Taiwan’s Taipei 101 tower has earned Leadership in Energy and Environmental Design – Existing Building Operation and Maintenance (LEED-EBOM) certification at Platinum level, becoming the tallest building in the world to achieve LEED accreditation.
With the accreditation by the US Green Building Council (USGBC), Taipei 101 is also the largest green building, covering about 150,000m², to get LEED Platinum status.
Taipei 101 has surpassed the US Environmental Protection Agency (USEPA) building, with a total area of 900,000ft², to become the world’s largest green building.
Taipei 101, with 90 tenants, is also accredited as the green building with the most users.
The operators of Taipei 101 worked with EcoTech International and Steven Leach Associates, Siemens’ building technologies division, to help the building maximise the skyscraper’s green features.
The building includes environmental features like waste reduction, energy and water-saving, improved indoor environmental quality, humidity and carbon dioxide levels.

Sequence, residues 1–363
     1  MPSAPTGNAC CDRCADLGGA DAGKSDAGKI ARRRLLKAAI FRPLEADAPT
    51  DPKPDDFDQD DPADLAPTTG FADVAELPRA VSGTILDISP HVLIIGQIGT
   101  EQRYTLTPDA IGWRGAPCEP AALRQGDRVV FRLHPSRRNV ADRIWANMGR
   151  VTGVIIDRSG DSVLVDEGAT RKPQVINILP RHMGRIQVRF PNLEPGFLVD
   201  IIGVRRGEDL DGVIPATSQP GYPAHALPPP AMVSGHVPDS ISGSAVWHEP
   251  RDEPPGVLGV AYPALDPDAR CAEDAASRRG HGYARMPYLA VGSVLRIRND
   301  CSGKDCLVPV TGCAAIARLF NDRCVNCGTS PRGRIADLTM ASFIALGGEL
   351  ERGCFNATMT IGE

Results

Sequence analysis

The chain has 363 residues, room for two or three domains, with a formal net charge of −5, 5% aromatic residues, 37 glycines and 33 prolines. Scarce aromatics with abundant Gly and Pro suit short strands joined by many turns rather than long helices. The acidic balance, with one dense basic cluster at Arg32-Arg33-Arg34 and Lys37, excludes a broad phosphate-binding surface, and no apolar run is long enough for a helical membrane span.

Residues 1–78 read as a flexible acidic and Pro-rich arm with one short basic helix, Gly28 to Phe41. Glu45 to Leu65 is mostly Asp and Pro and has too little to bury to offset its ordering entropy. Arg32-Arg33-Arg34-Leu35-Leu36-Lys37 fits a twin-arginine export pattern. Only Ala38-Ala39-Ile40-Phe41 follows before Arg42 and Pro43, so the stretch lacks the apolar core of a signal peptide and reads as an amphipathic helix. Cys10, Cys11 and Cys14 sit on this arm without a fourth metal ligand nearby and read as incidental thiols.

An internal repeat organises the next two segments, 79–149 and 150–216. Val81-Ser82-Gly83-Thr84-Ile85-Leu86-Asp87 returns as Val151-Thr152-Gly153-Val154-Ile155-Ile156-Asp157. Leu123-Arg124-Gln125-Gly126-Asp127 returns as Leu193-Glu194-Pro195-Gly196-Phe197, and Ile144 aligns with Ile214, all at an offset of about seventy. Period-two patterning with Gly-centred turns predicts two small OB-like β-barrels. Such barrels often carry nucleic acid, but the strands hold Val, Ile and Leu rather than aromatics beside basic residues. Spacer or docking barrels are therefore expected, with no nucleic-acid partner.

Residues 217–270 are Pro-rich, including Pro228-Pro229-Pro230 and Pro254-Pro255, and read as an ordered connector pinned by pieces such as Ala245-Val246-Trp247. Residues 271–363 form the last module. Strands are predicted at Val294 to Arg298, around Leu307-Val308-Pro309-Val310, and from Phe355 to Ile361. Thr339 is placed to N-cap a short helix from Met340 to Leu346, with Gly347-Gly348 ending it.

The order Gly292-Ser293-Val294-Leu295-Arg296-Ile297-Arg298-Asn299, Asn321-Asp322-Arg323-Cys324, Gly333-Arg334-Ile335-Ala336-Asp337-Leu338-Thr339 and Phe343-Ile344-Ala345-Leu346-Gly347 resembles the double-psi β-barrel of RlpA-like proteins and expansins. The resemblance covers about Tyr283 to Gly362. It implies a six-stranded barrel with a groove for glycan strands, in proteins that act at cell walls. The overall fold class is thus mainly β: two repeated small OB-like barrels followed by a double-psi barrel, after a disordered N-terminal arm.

There are 11 mechanical floors in Taipei 101 that have air handling units to provide air conditioning to different sections and a CO2 sensor is installed in each unit.
The design specification for CO2 levels in Taipei 101 is 600ppm, lower than the national standard of 1,000ppm.
Two sensors on each floor have been installed to monitor humidity levels through a centralised monitoring system.
The building was constructed at a cost of $8bn while the retrofit programme cost $2m.
The 101-storey building was completed in 2004 and is the second-tallest building in the world, surpassed only by the 2,717ft Burj Khalifa in Dubai.